In charge of the Lab at Cuatro Rayas is Juncal Gonzalez, who is supported by the assistant Rubén Navarro, two professionals who know not only the ins and outs of their department, but also the wine process in its broadest sense, from the vine to the bottle. Their tasks focus on the analysis of numerous parameters, long before the cork finally closes the bottle. Their work starts at harvest, collecting grape samples, analyzing ripeness indices to determine when harvest can be started. All the grapes from each plot literally pass through their hands, so they can usually be seen alongside the scales when the grapes enter the cellar, testing the sanitary condition of the grapes thanks to their Lab being equipped with infrared technology.

The Lab is the team of sentinels at Cuatro Rayas. All musts coming out of the press are monitored in detail, as are fermentations, measuring the densities and temperatures daily. They also control the condition of the wines from the moment they enter the vats unfiltered, until they end up going through the process of stabilization, before bottling. Precisely this latter process of bottling is where they dedicate a large part of their efforts, since in the final section important parameters such as the fill level volumes of the bottles and the acidity are controlled.

Undoubtedly the work of the quality control Lab is as important as bottling control, the final part of a long process that seeks wine excellence, with rigor, detail and professionalism.

Cuatro Rayas oak 2015: the organic Tempranillo

The winemaker Roberto López guides us in our organic Tempranillo red tasting. This unique wine is part of the Cuatro Rayas range. It has spent three months in oak (French and American) and belongs to the 2015 vintage. The back label displays two stamps: that of the Rueda Designation of Origin and that of the Organic Farming Council. What does the latter mean? Like other wines from our cellar, our organic wine comes from vineyards cultivated using parameters based on respect for the environment, as does its production method.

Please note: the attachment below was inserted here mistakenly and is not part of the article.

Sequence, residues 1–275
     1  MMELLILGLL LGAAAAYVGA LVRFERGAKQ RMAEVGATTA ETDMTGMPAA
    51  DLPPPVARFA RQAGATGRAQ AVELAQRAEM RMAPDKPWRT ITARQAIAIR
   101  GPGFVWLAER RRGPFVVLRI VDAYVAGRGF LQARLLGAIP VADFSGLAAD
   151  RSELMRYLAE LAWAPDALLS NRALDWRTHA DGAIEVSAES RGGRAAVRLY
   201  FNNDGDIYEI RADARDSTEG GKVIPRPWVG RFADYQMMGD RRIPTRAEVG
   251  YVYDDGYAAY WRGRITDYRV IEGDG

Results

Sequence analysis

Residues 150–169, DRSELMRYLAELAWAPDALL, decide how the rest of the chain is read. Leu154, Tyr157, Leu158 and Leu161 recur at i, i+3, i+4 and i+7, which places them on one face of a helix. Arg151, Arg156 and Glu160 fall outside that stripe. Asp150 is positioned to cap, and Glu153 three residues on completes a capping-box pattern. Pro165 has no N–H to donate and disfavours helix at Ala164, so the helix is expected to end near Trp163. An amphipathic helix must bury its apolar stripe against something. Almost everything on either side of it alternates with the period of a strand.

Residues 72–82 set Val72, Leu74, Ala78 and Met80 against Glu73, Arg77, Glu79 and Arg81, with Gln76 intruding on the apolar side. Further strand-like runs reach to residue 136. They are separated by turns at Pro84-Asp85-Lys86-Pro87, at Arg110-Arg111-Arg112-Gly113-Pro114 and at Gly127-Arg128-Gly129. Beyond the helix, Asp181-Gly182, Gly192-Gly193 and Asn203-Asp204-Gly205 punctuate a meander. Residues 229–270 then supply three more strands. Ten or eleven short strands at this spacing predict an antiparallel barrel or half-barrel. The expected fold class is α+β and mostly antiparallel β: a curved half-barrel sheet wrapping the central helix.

Tasting allows us to discover the organoleptic qualities of the wine. In this case, the winemaker from Cuatro Rayas, Roberto López pays special attention to the description, step by step from the visual phase, to the olfactory phase to the tasting one. The first thing that strikes us is the color: strong rubyred with purple reflections at the rim. It is clean, bright and of medium intensity. On the nose there are aromas of ripe forest fruits, such as blackberry and raspberry. On the palate, it is smooth and velvety, showing balance and persistence. Undoubtedly, a red wine with character that enriches the Cuatro Rayas range in all its dimensions.

Vineyard Technical Department: professionals down on the vineyard

They are specialists in winegrowing and have a perfect understanding of the vegetative cycle of all varieties. They also understand soil types, the morphology of the vines, sensory analysis of grapes and all the cultural practices needed by the vineyard throughout the year. They are able to make a brief note about pruning, while handling the powerful database that records every detail of their co-op growers’ plots. Through their hands pass the control of a vineyard where Bodega Cuatro Rayas reaches 2,500 hectares, 20% of those registered in the Rueda Designation of Origin. Not only do they patrol the vineyards, but they also serve a membership base of 300 winegrowers: the most powerful cog in the machine at Bodega Cuatro Rayas.